£1m rise in cost of judges' lodgings

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The Independent Online

The cost to the public of accommodating judges in luxurious private lodgings with their servants, smoking rooms, wine cellars and even a tennis court has risen by almost £1m in the past year.

The cost to the public of accommodating judges in luxurious private lodgings with their servants, smoking rooms, wine cellars and even a tennis court has risen by almost £1m in the past year.

The taxpayer must now find an annual £5.6m – or £900 for every night a judge spends away from home, compared with £728 18 months ago.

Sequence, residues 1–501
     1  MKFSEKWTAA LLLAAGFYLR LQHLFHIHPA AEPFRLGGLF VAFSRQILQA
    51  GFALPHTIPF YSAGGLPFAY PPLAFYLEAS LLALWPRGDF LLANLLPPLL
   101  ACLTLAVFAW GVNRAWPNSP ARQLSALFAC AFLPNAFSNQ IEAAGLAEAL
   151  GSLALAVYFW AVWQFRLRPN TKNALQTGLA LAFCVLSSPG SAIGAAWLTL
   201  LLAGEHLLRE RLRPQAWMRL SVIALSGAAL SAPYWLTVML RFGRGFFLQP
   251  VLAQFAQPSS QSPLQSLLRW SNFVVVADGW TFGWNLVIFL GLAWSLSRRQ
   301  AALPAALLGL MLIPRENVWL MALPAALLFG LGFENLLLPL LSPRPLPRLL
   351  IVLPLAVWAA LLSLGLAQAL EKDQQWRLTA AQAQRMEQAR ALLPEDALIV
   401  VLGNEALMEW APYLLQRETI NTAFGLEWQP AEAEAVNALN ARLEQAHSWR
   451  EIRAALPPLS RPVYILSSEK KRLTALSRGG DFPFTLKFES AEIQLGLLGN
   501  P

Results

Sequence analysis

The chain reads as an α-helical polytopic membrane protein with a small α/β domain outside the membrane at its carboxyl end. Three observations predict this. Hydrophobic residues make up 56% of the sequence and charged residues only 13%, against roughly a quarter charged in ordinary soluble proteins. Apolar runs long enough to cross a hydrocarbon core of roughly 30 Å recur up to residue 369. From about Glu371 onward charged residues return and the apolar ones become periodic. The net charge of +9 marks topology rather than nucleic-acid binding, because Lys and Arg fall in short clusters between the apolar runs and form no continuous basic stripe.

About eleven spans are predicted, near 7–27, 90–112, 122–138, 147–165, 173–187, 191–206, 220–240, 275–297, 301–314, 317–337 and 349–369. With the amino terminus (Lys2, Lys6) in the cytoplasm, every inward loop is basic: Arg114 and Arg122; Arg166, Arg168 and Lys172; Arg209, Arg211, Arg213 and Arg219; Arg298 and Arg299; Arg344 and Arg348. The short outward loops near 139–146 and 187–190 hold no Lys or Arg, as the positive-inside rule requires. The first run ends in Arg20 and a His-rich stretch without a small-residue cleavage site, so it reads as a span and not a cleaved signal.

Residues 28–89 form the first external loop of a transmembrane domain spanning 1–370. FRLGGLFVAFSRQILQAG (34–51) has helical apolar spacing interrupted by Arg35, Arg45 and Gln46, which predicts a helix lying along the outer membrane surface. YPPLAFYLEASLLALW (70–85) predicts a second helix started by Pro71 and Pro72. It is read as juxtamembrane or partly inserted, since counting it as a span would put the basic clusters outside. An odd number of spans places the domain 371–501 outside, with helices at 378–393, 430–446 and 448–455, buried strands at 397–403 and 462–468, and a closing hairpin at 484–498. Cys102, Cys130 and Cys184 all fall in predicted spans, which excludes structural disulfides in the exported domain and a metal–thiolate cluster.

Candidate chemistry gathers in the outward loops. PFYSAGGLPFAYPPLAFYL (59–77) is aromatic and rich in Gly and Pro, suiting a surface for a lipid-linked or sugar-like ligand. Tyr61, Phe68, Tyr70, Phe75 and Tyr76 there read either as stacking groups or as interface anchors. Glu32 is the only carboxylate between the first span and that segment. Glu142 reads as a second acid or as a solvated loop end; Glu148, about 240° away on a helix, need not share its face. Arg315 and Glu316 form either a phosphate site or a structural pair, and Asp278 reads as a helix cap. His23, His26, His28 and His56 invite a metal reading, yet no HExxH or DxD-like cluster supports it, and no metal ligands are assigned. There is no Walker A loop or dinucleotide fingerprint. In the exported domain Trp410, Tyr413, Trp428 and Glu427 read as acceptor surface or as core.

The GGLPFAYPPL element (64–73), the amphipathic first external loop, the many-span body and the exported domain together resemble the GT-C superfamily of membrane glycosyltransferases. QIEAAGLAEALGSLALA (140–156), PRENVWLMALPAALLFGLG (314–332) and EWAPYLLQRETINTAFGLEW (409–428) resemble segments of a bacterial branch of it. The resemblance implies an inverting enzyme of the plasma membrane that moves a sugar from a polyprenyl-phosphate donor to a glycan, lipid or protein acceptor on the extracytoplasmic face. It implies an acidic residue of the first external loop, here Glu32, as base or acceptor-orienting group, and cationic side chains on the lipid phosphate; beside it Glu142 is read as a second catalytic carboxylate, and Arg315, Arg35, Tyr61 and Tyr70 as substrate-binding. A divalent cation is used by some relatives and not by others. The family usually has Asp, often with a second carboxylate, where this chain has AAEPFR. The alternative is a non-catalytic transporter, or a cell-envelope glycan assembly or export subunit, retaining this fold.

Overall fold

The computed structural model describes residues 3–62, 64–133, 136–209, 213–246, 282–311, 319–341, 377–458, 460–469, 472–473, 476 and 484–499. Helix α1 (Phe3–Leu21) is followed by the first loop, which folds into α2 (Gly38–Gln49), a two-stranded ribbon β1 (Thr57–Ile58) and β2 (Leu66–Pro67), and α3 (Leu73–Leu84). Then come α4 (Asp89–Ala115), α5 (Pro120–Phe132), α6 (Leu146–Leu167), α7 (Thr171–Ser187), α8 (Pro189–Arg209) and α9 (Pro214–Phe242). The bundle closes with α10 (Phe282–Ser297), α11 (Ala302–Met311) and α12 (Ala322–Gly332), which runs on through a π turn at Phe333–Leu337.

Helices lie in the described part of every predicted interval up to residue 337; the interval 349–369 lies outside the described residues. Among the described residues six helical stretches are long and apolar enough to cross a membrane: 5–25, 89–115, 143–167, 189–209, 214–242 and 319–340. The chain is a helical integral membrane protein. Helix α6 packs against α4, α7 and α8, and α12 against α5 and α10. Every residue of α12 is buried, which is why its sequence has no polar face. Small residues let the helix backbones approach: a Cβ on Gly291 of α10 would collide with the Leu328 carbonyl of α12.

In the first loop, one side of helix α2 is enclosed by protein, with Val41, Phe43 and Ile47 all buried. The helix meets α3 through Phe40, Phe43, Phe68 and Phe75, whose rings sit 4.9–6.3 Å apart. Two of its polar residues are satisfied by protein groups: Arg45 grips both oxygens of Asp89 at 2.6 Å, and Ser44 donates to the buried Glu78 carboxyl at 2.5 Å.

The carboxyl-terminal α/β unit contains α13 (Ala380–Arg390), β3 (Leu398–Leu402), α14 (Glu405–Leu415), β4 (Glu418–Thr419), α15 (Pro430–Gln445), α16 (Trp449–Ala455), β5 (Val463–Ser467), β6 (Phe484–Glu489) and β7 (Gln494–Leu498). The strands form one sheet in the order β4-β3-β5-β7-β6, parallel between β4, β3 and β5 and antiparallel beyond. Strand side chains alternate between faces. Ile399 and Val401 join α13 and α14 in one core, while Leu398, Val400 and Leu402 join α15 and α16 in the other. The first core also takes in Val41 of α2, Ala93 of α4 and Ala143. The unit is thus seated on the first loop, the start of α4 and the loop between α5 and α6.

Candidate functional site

The steep overall rise threatens the future of the 32 historic judges' lodgings in England and Wales.

Earlier this year, the Lord Chancellor, Lord Irvine of Lairg, committed the Government to keeping judges' lodging available after a review concluded that they provided value for money. But yesterday a minister said that a final decision would be postponed until the Government had responded in full to Lord Justice Auld's report of the criminal justice system.

The most expensive lodgings work out at more than £2,000 a night, a rate that exceeds most luxury hotel bills. Among the most expensive is Carr Manor in Leeds, which cost £402,000 to maintain in 1998. The penthouse flat was occupied for only five weeks, costing £1,800 a night.